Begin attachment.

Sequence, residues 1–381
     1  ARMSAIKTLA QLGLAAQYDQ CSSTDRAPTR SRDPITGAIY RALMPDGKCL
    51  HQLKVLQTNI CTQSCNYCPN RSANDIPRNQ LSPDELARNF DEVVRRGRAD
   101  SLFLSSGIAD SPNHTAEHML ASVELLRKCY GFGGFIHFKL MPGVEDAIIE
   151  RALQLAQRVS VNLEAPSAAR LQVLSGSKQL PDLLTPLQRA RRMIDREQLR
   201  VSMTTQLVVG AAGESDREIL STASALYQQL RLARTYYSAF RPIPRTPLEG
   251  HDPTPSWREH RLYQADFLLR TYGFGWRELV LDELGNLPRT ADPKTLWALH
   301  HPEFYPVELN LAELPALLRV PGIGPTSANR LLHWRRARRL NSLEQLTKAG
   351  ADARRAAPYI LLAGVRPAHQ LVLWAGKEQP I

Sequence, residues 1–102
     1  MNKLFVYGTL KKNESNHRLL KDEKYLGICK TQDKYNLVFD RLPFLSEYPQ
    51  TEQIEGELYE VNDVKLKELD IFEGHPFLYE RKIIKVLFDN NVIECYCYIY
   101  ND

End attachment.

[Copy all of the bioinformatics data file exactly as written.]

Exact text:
Sequence, residues 1–381
     1  ARMSAIKTLA QLGLAAQYDQ CSSTDRAPTR SRDPITGAIY RALMPDGKCL
    51  HQLKVLQTNI CTQSCNYCPN RSANDIPRNQ LSPDELARNF DEVVRRGRAD
   101  SLFLSSGIAD SPNHTAEHML ASVELLRKCY GFGGFIHFKL MPGVEDAIIE
   151  RALQLAQRVS VNLEAPSAAR LQVLSGSKQL PDLLTPLQRA RRMIDREQLR
   201  VSMTTQLVVG AAGESDREIL STASALYQQL RLARTYYSAF RPIPRTPLEG
   251  HDPTPSWREH RLYQADFLLR TYGFGWRELV LDELGNLPRT ADPKTLWALH
   301  HPEFYPVELN LAELPALLRV PGIGPTSANR LLHWRRARRL NSLEQLTKAG
   351  ADARRAAPYI LLAGVRPAHQ LVLWAGKEQP I

Sequence, residues 1–102
     1  MNKLFVYGTL KKNESNHRLL KDEKYLGICK TQDKYNLVFD RLPFLSEYPQ
    51  TEQIEGELYE VNDVKLKELD IFEGHPFLYE RKIIKVLFDN NVIECYCYIY
   101  ND